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Nashville in Davidson County, Tennessee — The American South (East South Central)
 

Frederick Stump

(1723-1820)

 
 
Frederick Stump Marker image. Click for full size.
By Duane and Tracy Marsteller, October 25, 2020
1. Frederick Stump Marker
Inscription.  

Frederick Stump was born in Lancaster Co., Pa. He married Ana c. 1757, Ann Snavely c. 1766, and Catherine Gingery in 1816. He had at least 8 children. In 1761 he founded Stumpstown, Pa. In 1768 he was jailed in Carlisle, Pa. for killing several Native Americans. Freed by a sympathetic mob, he fled to Ga. He served in the Revolutionary War under Col. Francis Marion, was jailed and escaped from Ft. Marion, Fla. He returned to Ga. to find his mills burned and property confiscated.

The Stump family moved west, joined the Amos Heaton party, and arrived at French Lick Dec. 1779. Frederick and son Jacob of White’s Creek signed the 1780 Cumberland Compact. By 1789 Stump built this 2-story log tavern-inn, a 2-story log home to the southeast, grist and saw mills, a cotton gin and distillery. He served as Capt. in the War of 1812 and died in Davidson County with an estate of nearly 1,500 acres of land and 60 enslaved persons. His exact burial location is unknown.
 
Erected 1975 by Historical Commission of Metropolitan Nashville and Davidson County. (Marker Number 53.)
 
Topics. This historical
Frederick Stump Marker image. Click for full size.
By Duane and Tracy Marsteller, August 16, 2020
2. Frederick Stump Marker
marker is listed in these topic lists: Industry & CommerceSettlements & SettlersWar of 1812War, US Revolutionary.
 
Location. 36° 13.934′ N, 86° 49.501′ W. Marker is in Nashville, Tennessee, in Davidson County. Marker is on Buena Vista Pike south of Briley Parkway (Tennessee Highway 155), on the right when traveling south. Touch for map. Marker is at or near this postal address: 4949 Buena Vista Pike, Nashville TN 37218, United States of America. Touch for directions.
 
Other nearby markers. At least 8 other markers are within 3 miles of this marker, measured as the crow flies. Captain Alexander "Devil Alex" Ewing (about 800 feet away, measured in a direct line); Alexander Little Page Green (approx. 1½ miles away); White’s Creek and the War (approx. 1.7 miles away); The James Gang (approx. 2.3 miles away); Riverside Sanitarium and Hospital / Dorothy Lavinia Brown, M.D. (approx. 2½ miles away); Haynes High School (approx. 2.6 miles away); Hyde's Ferry Turnpike (approx. 2.7 miles away); The Bordeaux Community and the Martin Luther King, Jr. Bridge (approx. 2.8 miles away). Touch for a list and map of all markers in Nashville.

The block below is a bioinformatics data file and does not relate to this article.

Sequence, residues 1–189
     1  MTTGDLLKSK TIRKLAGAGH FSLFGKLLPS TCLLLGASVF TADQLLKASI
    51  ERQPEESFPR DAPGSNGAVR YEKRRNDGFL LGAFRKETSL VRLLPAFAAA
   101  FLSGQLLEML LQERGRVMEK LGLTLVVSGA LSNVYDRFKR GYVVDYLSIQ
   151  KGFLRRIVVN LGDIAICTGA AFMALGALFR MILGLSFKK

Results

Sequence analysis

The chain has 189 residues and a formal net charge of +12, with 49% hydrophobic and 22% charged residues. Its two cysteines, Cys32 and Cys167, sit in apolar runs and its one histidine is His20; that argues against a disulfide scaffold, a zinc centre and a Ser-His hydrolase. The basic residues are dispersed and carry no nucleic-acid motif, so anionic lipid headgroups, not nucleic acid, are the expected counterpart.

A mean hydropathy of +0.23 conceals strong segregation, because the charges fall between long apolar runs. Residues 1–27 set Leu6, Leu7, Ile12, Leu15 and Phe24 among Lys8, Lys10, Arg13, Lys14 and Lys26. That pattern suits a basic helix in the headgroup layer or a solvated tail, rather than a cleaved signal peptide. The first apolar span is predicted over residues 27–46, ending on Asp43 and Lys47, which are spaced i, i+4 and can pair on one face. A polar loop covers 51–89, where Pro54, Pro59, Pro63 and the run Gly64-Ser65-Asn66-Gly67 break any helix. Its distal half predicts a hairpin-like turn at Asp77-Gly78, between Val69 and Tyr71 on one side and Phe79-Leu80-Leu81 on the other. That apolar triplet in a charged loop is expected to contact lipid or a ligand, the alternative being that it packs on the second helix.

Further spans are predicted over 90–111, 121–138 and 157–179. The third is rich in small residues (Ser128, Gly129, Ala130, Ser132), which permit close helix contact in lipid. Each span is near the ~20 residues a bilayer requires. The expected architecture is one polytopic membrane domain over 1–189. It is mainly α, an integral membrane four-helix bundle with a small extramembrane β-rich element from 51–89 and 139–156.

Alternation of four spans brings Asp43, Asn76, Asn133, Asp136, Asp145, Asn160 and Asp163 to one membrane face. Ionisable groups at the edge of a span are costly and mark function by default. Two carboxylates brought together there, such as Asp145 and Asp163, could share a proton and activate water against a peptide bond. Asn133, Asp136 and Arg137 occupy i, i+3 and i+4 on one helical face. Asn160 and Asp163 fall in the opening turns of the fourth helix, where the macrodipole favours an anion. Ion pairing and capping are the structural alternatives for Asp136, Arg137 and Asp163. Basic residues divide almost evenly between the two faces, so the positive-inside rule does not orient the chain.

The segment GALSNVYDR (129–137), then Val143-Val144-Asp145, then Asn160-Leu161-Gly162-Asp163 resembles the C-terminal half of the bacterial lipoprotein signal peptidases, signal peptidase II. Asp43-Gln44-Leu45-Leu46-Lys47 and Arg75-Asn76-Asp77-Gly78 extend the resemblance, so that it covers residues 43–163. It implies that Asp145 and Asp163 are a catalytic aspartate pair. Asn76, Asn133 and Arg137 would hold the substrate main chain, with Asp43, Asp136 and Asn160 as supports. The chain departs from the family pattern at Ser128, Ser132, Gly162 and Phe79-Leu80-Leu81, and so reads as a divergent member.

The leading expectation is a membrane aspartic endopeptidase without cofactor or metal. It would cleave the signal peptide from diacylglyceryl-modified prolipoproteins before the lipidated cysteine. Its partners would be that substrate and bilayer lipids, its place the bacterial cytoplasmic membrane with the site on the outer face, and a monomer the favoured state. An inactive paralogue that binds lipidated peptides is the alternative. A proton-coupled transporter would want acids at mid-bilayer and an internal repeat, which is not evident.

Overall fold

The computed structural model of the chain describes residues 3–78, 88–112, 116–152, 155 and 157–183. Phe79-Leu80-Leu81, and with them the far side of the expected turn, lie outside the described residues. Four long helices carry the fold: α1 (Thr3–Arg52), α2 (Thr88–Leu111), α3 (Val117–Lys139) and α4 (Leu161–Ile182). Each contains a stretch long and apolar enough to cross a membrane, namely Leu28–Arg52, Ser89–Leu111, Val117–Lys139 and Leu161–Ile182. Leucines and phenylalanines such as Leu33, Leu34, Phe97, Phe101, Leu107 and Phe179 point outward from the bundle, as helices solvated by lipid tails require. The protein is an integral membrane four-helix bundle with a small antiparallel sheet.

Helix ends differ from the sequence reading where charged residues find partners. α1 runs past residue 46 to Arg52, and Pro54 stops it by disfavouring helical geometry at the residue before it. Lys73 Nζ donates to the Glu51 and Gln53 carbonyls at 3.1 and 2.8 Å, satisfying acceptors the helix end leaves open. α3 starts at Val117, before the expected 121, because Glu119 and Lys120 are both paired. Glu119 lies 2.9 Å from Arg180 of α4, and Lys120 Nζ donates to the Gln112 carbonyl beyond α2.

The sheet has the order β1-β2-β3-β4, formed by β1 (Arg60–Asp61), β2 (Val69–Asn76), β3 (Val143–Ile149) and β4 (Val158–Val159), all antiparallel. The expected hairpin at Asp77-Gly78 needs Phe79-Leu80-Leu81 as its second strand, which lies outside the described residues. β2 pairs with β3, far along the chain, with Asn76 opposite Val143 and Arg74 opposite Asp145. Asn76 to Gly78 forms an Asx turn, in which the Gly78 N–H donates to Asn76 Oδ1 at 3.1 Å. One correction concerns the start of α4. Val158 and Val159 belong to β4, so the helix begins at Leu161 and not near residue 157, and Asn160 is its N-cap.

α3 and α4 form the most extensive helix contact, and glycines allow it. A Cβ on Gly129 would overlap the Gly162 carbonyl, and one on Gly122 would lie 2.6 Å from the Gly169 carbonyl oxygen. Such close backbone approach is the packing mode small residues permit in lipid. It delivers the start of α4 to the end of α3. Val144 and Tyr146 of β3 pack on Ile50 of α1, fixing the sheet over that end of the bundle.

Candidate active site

Also see . . .  Mysteries and Motives: The Stump Massacre.
Frederick Stump Marker image. Click for full size.
By Duane and Tracy Marsteller, August 16, 2020
3. Frederick Stump Marker
Was Frederick Stump a cruel murderer of ten peaceful Native Americans or misunderstood farmer acting for fear of his life? The debate among historians continues today, more than 250 years later. (Submitted on August 17, 2020, by Duane Marsteller of Murfreesboro, Tennessee.) 
 
Frederick Stump Marker image. Click for full size.
By Darren Jefferson Clay, December 13, 2020
4. Frederick Stump Marker
Frederick Stump Inn and Tavern image. Click for full size.
By Darren Jefferson Clay, December 13, 2020
5. Frederick Stump Inn and Tavern
Frederick Stump Inn-Tavern image. Click for full size.
By Duane and Tracy Marsteller, August 16, 2020
6. Frederick Stump Inn-Tavern
 
 
Credits. This page was last revised on January 27, 2021. It was originally submitted on August 17, 2020, by Darren Jefferson Clay of Duluth, Georgia. This page has been viewed 92 times since then and 3 times this year. Last updated on December 13, 2020, by Darren Jefferson Clay of Duluth, Georgia. Photos:   1. submitted on October 26, 2020, by Duane Marsteller of Murfreesboro, Tennessee.   2, 3. submitted on August 17, 2020, by Duane Marsteller of Murfreesboro, Tennessee.   4, 5. submitted on December 13, 2020, by Darren Jefferson Clay of Duluth, Georgia.   6. submitted on August 17, 2020, by Duane Marsteller of Murfreesboro, Tennessee. • J. Makali Bruton was the editor who published this page.
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Feb. 26, 2021